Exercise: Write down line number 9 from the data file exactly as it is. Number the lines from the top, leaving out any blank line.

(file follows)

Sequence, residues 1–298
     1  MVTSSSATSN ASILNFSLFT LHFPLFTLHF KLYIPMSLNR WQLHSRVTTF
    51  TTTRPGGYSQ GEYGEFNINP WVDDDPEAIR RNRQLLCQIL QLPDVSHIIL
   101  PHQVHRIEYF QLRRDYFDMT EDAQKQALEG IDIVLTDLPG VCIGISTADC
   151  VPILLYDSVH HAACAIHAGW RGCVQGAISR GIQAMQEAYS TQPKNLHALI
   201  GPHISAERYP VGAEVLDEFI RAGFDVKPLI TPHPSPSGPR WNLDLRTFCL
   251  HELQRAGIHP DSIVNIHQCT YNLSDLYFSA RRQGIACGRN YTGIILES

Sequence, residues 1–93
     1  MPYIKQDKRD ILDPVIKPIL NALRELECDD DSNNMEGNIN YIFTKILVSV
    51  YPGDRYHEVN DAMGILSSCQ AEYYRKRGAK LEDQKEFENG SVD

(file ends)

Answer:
     1  MPYIKQDKRD ILDPVIKPIL NALRELECDD DSNNMEGNIN YIFTKILVSV